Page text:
A Tree Grows in Brooklyn

Movie review by
Nell Minow, Common Sense Media
A Tree Grows in Brooklyn Movie Poster Image
Faithful adaptation of classic family story.
  • NR
  • 1945
  • 128 minutes

Parents say

No reviews yetAdd your rating

Kids say

No reviews yetAdd your rating

Did this review miss something on diversity?

Research shows a connection between kids' healthy self-esteem and positive, diverse representations in books, TV shows, and movies. Want to help us help them? Suggest a diversity update

A lot or a little?

The parents' guide to what's in this movie.


 Inexplicit scene of Katie in labor may scare younger children, who should be reassured; very sad when Johnny dies.


Aunt Sissy is involved with many different men, and at one point Katie refuses to let her see the children because she is a bad influence.

Drinking, Drugs & Smoking

Johnny has a serious drinking problem.

What parents need to know

Parents need to know that the father in the family dies. The mother and daughter have a difficult relationship, though they come to terms in the end. The family has a hard time communicating directly with each other. One of the characters drinks heavily.

User Reviews

  • Parents say
  • Kids say

There aren't any reviews yet. Be the first to review this title.

There aren't any reviews yet. Be the first to review this title.

What's the story?

The Nolan family lives in a Brooklyn tenement, struggling to rise from poverty. Francie Nolan (Peggy Ann Garner) adores her father, Johnny (James Dunn), a dreamer with a drinking problem, and respects but resents her down-to-earth, practical mother, Katie (Dorothy McGuire). Francie dreams of going to a better school in a wealthier neighborhood, and her father makes it possible by telling the principal that she's moving in with a fictitious wealthy aunt. But when Katie gets pregnant again, she decides that Francie should leave school. And then Johnny dies. Devastated, Francie is angry with her mother, feeling that her mother didn't love Johnny enough and doesn't love her enough either. But when her mother has the baby, Francie sees that she loves them both and that Katie hates having to be practical and "hard." A kind policeman asks permission to court Katie, and Francie knows that their life will be easier, and that her father and what they shared will be with her always.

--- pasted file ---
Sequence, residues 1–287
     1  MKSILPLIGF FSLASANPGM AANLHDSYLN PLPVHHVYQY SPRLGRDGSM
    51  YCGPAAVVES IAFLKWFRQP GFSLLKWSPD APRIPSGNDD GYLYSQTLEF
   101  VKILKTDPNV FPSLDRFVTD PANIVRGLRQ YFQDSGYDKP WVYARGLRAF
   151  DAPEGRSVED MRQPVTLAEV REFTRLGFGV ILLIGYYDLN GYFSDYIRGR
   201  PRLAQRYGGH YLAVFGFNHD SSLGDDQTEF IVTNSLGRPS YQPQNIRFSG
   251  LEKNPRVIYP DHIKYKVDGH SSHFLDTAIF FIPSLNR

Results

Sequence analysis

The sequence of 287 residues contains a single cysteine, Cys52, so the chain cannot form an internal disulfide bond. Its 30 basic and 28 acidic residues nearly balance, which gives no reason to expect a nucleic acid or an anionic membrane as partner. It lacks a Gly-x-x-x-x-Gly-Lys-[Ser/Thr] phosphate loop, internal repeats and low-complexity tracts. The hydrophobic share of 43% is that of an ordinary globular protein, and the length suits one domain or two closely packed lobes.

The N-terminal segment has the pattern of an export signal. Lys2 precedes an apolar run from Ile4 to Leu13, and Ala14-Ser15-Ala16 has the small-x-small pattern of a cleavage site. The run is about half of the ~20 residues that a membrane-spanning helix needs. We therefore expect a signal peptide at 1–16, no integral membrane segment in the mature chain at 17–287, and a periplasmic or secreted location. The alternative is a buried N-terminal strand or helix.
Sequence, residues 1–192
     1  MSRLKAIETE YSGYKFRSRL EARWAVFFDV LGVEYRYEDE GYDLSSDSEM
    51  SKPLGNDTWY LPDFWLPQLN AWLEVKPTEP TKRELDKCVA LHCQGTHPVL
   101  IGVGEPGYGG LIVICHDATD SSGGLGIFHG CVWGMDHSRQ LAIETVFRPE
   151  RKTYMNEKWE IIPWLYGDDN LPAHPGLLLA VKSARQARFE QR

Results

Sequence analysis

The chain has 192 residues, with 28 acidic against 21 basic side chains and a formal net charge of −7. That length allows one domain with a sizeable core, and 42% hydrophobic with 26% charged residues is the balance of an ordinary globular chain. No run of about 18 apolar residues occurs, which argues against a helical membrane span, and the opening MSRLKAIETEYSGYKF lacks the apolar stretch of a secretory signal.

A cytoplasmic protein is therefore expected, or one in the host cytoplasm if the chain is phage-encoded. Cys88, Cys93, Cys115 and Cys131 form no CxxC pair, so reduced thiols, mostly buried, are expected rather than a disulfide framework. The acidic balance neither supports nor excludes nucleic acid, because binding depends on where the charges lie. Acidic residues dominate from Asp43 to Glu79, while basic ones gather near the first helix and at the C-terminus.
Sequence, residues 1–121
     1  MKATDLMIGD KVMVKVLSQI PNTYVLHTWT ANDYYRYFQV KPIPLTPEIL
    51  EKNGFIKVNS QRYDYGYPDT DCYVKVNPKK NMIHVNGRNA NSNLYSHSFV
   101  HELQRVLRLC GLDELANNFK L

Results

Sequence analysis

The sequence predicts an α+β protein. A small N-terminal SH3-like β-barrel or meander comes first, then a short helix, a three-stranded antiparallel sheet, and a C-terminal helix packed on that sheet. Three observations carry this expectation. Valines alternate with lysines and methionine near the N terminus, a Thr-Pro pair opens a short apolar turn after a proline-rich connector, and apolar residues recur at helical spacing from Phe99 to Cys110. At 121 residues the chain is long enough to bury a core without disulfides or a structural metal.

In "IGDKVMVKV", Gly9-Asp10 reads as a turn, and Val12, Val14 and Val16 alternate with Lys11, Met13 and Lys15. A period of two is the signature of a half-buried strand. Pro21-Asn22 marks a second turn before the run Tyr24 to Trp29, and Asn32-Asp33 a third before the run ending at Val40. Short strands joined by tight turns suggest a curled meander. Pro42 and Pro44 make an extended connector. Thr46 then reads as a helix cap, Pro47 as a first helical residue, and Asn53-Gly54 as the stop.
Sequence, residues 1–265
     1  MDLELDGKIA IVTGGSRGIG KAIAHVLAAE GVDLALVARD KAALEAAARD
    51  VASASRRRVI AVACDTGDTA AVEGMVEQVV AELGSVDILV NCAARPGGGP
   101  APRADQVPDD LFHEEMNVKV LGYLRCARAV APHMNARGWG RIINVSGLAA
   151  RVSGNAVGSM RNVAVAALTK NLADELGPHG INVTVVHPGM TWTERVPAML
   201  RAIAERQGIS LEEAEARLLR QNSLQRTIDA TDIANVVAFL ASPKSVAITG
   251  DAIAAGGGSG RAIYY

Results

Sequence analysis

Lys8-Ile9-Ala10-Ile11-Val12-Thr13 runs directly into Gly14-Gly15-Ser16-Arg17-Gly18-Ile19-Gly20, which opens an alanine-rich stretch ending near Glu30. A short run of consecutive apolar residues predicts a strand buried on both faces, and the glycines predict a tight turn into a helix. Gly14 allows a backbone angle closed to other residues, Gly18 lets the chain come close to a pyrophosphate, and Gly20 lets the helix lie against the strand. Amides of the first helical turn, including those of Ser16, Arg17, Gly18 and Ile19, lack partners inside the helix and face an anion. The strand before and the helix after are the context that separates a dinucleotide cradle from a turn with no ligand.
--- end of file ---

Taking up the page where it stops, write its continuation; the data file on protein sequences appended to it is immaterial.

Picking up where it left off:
Is it any good?

James Dunn won an Oscar for his masterful portrayal of Johnny Nolan in A TREE GROWS IN BROOKLYN, which is based on the novel by Betty Smith. The Nolans have a great deal of love but a lot of difficulty showing it. Although they clearly love each other, Johnny and Katie have too many shattered expectations to accept tenderness from each other, as we see when he comes home with the food from the party and sees her with her hair down, and when she tries to tell him how much she likes hearing him sing "Annie Laurie."

They also have trouble being honest and direct about their circumstances and their feelings. They have to move to a cheaper apartment, but insist -- to themselves and to everyone else -- that they're doing it to get more sunlight. When Katie decides that she wants her sister back in her life, she sends the message via the insurance collector. When Francie tries raising the subject of the school she wants to attend in a roundabout way, Katie tells her to speak more directly. But Johnny lets her tell him in her own way, and, over Katie's objections, makes it possible for her dream to come true. Francie has a hard time understanding that Katie loves her and relies on her, until Katie is in labor and almost does not know what she is saying. This is a good opportunity to talk about the ways that families do (and do not) communicate with each other. Older kids may also want to discuss the impact that Johnny's drinking and unreliability had on Katie and why it was different for Francie.

Talk to your kids about ...

  • Families can talk about what Francie's teacher meant about the difference between imagination and pipe dreams. What does the title refer to? Why did the members of the family have such a hard time talking to each other about what mattered to them? Why does the family use the word "sick" to describe Johnny's alcoholism? Why does Johnny seem so sad when Francie talks with him about being "sick"? Why was it so important to Kate that the death certificate be changed?

Movie details

Our editors recommend

For kids who love books

Common Sense Media's unbiased ratings are created by expert reviewers and aren't influenced by the product's creators or by any of our funders, affiliates, or partners.

See how we rate

Streaming options powered by JustWatch

About these links

Common Sense Media, a nonprofit organization, earns a small affiliate fee from Amazon or iTunes when you use our links to make a purchase. Thank you for your support.

Read more

Our ratings are based on child development best practices. We display the minimum age for which content is developmentally appropriate. The star rating reflects overall quality.

Learn how we rate